Occasional posts on subjects including field recording, London history and literature, other websites worth looking at, articles in the press, and news of sound-related events.

30 October 2010

The sound collectors

WIRTERS AND INTELLECTUALS sometimes express the hostile view of collectors as soulless Gradgrindian labellers, quite unlike creative people such as themselves.

John Fowles’s 1963 novel The Collector depicted an aspergery office clerk who nets and hoards butterflies. After winning the pools he thinks bigger and abducts an art student instead. It’s not obvious which Fowles considered worse: a lower-middle-class nerd coming into lots of money, or his imprisonment of the student. In The Anatomy of Human Destructiveness, the psychoanalyst Erich Fromm claimed a greedy mindset was at work among amateur photographers, with their cameras as killing-jars for little fragments of visual experience.

Those of us who go around recording sounds for pleasure have got off lightly, probably because we don’t come up on many people’s radar. Ragnar di Marzo’s short film The Palagonia Game has an anguished sound collector (with unshielded shotgun mic!) run out of things to record. A mysterious stranger teaches him the value of stillness:

Do small children flee from the sight of you with your fluffy blimp and headphones? Cheer up, it’s only because of Roger McGough’s poem The Sound Collector:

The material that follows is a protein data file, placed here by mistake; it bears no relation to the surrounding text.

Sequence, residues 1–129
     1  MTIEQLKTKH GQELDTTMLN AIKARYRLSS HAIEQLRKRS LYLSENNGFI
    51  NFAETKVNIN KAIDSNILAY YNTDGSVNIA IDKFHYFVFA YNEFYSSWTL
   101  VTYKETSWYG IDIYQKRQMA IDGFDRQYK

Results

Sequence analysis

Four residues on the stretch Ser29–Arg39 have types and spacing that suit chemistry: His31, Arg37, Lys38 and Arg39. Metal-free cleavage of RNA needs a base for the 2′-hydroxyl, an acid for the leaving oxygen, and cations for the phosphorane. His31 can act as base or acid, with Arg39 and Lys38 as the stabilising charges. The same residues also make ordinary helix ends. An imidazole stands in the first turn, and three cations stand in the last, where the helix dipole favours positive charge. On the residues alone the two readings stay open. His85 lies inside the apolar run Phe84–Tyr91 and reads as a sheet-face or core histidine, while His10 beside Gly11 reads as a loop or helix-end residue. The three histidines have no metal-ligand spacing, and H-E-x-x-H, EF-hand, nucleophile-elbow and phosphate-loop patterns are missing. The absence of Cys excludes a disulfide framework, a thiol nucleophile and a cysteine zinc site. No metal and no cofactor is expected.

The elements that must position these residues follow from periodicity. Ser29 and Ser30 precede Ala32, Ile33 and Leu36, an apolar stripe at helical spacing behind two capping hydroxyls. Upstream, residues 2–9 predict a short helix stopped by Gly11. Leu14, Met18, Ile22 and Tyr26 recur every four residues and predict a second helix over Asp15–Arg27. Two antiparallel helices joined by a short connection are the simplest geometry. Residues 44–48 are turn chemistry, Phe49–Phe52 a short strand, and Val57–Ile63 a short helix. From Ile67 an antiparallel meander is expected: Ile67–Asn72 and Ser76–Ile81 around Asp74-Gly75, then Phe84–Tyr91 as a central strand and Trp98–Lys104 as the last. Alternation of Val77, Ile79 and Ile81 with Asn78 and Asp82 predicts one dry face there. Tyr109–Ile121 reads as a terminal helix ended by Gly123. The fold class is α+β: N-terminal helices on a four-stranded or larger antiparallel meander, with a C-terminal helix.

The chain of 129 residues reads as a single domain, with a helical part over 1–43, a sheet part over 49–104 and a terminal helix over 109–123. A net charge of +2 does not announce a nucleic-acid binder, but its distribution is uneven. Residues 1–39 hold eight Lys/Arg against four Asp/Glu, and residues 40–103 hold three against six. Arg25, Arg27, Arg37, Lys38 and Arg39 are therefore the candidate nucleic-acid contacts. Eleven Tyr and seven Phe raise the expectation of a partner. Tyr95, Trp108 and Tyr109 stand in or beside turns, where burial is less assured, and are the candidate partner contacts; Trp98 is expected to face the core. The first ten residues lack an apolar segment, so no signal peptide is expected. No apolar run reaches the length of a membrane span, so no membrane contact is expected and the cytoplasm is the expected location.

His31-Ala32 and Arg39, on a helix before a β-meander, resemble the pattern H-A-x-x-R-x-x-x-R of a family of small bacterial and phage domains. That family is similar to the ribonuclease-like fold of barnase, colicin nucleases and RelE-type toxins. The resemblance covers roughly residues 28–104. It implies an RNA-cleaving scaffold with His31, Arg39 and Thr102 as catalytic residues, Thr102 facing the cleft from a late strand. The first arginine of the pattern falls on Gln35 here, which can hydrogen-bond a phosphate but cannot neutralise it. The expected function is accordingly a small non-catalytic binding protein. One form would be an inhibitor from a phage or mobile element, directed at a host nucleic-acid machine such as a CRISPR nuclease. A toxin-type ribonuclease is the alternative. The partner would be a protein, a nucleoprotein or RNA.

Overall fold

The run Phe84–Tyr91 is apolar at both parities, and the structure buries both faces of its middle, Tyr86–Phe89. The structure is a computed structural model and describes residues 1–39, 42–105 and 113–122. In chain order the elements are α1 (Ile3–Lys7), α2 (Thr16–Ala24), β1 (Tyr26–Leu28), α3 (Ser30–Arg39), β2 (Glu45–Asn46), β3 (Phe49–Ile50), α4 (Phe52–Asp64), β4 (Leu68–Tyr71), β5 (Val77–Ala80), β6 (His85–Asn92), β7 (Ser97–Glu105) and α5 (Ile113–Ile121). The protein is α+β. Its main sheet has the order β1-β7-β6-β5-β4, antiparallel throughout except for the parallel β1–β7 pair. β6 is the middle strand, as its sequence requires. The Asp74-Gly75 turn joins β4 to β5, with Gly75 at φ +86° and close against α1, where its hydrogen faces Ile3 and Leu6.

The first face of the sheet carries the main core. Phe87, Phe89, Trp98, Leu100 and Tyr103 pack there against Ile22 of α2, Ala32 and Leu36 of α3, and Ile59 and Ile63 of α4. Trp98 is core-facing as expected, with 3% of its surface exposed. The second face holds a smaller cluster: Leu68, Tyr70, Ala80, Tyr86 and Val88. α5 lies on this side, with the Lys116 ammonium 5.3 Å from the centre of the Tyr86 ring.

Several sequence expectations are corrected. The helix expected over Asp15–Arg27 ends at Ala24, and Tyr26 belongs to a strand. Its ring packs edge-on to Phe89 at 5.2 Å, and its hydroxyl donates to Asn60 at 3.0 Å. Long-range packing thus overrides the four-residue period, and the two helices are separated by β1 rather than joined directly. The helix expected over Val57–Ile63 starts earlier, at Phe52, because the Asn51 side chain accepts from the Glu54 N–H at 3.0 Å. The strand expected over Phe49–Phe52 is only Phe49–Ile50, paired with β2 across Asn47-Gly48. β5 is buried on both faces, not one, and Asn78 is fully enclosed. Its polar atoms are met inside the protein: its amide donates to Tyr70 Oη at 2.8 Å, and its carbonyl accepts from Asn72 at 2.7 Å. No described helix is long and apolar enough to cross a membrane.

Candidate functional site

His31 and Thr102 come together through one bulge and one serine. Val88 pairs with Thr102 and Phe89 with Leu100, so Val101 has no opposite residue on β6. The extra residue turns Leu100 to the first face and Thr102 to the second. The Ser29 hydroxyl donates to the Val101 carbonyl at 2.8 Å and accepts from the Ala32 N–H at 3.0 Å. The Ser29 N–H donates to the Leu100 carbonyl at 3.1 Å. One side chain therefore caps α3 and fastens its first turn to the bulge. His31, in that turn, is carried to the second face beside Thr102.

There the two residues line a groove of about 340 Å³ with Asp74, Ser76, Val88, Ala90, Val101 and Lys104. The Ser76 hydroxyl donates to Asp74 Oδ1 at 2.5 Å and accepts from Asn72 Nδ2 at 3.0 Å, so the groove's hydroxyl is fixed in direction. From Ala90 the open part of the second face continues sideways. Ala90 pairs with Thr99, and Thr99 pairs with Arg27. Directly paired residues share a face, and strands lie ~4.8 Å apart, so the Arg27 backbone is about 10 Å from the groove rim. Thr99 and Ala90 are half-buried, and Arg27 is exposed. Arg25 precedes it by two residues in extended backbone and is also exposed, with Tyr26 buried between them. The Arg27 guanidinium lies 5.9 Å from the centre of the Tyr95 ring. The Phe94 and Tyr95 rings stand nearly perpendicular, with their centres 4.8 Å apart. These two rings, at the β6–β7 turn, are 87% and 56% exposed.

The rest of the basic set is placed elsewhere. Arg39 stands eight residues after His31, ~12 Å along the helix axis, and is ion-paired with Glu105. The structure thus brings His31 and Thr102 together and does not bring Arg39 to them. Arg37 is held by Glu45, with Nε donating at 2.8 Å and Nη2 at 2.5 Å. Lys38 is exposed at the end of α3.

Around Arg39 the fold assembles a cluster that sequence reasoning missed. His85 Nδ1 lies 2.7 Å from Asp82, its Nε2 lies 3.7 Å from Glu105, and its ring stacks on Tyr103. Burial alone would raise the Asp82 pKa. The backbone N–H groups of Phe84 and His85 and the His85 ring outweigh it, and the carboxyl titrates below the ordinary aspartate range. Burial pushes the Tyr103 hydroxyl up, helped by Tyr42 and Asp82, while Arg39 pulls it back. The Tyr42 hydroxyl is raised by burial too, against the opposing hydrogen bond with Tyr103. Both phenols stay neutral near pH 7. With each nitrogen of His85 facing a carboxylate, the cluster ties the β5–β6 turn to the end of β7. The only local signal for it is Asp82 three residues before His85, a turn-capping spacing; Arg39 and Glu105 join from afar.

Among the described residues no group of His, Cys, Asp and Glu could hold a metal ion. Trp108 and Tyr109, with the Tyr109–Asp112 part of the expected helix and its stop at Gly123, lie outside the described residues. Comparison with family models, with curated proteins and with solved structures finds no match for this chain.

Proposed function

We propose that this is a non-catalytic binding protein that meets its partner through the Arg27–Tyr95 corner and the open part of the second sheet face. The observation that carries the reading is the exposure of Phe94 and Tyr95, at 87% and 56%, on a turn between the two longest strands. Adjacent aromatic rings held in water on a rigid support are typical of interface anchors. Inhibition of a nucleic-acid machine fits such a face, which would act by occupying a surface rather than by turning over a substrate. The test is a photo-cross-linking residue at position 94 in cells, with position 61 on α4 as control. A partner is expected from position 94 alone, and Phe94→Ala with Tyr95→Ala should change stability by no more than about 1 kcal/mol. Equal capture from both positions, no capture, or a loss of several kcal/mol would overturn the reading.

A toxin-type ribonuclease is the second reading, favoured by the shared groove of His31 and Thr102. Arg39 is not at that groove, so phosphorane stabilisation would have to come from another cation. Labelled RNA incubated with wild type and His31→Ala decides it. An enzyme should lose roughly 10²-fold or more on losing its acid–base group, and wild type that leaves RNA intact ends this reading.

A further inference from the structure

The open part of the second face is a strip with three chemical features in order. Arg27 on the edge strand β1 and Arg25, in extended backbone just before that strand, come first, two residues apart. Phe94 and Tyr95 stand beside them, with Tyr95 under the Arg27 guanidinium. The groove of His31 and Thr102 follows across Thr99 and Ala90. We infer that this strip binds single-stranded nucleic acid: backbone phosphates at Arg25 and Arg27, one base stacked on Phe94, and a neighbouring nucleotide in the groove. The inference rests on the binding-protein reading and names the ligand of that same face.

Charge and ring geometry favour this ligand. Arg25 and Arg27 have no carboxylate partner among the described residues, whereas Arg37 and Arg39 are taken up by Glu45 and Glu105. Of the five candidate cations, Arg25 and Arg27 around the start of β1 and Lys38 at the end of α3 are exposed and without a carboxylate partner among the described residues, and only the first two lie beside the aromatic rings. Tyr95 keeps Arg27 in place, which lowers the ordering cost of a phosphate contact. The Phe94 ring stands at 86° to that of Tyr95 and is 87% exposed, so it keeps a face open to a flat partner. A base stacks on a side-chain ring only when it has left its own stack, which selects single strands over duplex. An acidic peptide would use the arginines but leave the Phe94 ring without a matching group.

A stranger called this morning
Dressed all in black and grey
Put every sound into a bag
And carried them away.

The whistling of the kettle
The turning of the lock
The purring of the kitten
The ticking of the clock

The popping of the toaster
The crunching of the flakes
When you spread the marmalade
The scraping noise it makes

The hissing of the frying-pan
The ticking of the grill
The bubbling of the bathtub
As it starts to fill

The drumming of the raindrops
On the window-pane
When you do the washing up
The gurgle of the drain

The crying of the baby
The squeaking of the chair
The swishing of the curtain
The creaking of the chair

A stranger called this morning
He didn’t leave his name
Left us only silence
Life will never be the same.

Here’s McGough reading it aloud on the BBC Learning Zone. The poem makes a good launchpad for getting young children to think and write about sounds, and seems to be used widely in primary schools.

This viral ad from the USA takes a more indulgent view of sound collectors. An unnamed Detroit musician scours the city for sounds to use in his work:

What do you mean, he might be an actor?